An entity relationship (ER) diagram is a documentation technique used to represent the relationship between entities. Entities are physical resources (automobiles, cash, or in-ventory), events (ordering inventory, receiving cash, shipping goods), and agents (sales-person, customer, or vendor) about which the organization wishes to capture data. One common use for ER diagrams is to model an organization’s database, which we examine in detail in Chapter 9. Figure 2-14 shows the symbol set used in an ER diagram. The square symbol represents entities in the system.
The labeled connecting line represents the nature of the relationship between two entities. The degree of the relationship, called cardinality, is the numerical mapping between entity instances. A relationship can be one-to-one (1:1), one-to-many (1:M), or many-to-many (M:M). 2 If we think of entities in the ER diagram as files of records, cardinality is the maximum number of records in one file that are related to a single record in the other file and vice versa. Cardinality reflects normal business rules as well as organizational policy. For instance, the 1:1 cardinality in the first example in Figure 2-14 suggests that each salesperson in the organization is assigned one automobile.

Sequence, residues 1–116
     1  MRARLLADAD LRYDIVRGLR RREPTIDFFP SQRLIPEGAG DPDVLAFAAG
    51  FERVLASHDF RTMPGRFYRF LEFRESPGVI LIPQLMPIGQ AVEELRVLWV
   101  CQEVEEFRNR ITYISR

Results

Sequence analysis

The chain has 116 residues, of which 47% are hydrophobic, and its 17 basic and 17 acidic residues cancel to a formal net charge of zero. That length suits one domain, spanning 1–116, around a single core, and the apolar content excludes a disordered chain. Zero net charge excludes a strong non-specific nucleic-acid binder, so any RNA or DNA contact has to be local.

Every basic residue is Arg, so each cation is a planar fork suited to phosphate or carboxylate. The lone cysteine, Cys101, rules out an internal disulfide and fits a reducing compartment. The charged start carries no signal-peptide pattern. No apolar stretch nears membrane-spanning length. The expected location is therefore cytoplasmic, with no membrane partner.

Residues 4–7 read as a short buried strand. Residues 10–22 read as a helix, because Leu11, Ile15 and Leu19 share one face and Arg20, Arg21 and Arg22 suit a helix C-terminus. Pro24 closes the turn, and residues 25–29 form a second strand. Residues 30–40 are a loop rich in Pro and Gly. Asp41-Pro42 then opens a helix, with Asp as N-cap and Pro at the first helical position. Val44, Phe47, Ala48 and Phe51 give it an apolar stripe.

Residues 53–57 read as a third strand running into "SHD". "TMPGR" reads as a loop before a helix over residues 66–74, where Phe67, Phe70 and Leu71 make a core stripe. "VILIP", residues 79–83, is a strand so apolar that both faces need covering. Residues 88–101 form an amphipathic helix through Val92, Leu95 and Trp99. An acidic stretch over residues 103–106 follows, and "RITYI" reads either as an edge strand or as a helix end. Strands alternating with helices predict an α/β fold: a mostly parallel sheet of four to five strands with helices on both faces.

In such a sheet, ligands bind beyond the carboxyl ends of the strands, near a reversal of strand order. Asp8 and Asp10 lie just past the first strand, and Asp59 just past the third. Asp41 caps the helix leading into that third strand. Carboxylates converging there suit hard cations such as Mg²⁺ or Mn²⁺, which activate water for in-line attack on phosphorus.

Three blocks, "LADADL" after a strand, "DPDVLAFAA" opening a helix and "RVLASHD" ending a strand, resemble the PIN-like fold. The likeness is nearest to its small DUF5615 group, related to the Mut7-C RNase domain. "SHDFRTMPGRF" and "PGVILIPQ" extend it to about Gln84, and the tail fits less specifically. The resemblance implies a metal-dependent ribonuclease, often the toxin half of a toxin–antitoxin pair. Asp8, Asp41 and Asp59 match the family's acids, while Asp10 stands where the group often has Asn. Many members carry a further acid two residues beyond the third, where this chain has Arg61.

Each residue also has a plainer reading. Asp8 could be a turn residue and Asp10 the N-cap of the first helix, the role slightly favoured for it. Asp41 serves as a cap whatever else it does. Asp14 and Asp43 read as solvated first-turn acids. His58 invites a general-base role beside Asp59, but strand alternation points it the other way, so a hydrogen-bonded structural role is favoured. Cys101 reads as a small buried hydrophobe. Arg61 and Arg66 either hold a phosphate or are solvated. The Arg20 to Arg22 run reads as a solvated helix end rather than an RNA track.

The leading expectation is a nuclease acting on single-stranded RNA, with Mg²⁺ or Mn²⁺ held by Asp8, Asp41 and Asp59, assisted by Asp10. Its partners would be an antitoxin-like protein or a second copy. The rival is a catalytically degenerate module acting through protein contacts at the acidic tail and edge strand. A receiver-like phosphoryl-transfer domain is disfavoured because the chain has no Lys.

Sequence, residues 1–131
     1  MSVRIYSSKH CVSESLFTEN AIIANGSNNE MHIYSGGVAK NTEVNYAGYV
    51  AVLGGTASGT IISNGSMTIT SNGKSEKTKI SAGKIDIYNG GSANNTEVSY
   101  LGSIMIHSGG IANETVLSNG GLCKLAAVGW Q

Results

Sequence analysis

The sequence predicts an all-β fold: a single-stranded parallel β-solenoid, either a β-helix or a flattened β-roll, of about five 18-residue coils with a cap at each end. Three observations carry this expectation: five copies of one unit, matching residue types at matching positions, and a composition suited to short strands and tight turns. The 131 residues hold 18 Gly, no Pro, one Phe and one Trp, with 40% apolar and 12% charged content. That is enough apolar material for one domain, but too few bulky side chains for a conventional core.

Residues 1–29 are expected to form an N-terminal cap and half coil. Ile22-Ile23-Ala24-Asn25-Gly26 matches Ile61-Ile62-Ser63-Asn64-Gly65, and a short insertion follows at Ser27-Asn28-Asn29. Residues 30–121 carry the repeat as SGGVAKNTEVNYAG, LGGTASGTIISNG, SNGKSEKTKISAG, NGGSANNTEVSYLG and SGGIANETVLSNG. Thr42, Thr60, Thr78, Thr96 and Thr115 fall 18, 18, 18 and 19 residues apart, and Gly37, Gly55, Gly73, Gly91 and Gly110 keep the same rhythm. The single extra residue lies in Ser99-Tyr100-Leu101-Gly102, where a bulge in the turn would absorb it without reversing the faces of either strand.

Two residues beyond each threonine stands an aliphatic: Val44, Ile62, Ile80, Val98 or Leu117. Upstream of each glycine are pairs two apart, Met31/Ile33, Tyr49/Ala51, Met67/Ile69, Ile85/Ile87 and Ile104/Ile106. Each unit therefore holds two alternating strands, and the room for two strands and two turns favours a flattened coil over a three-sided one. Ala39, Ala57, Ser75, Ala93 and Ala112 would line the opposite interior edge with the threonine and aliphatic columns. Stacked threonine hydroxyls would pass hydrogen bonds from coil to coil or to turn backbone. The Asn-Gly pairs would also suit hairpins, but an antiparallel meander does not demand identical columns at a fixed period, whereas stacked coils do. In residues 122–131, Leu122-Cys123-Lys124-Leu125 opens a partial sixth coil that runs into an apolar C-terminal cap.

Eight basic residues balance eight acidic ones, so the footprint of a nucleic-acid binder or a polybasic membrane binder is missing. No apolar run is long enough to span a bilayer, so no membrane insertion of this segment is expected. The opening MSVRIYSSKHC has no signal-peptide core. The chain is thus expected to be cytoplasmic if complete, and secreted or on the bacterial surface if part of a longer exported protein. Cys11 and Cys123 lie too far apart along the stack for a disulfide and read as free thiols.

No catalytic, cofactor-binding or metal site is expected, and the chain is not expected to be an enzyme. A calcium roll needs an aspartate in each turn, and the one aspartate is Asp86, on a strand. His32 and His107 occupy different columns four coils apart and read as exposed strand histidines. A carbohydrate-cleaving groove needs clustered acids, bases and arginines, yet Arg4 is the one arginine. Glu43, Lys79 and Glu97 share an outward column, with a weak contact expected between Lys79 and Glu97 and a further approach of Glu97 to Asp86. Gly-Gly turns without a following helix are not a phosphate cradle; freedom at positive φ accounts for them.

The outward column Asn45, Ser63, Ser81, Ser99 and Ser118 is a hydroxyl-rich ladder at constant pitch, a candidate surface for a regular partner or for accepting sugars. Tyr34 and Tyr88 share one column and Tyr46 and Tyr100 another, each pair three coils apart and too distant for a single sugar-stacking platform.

If instead the organization’s policy were to assign a single automobile to one or more salespersons who share it, this policy would be reflected by a 1:M relationship. Similarly, the M:M relationship between vendor and inventory in Figure 2-14 implies that the organization buys the same type of products from one or more vendors. A company policy to buy particular items from a single vendor would be reflected by a 1:M cardinality. System designers identify entities and prepare a model of them, similar to the one presented in Figure 2-15. This data model is the blueprint for what ultimately willa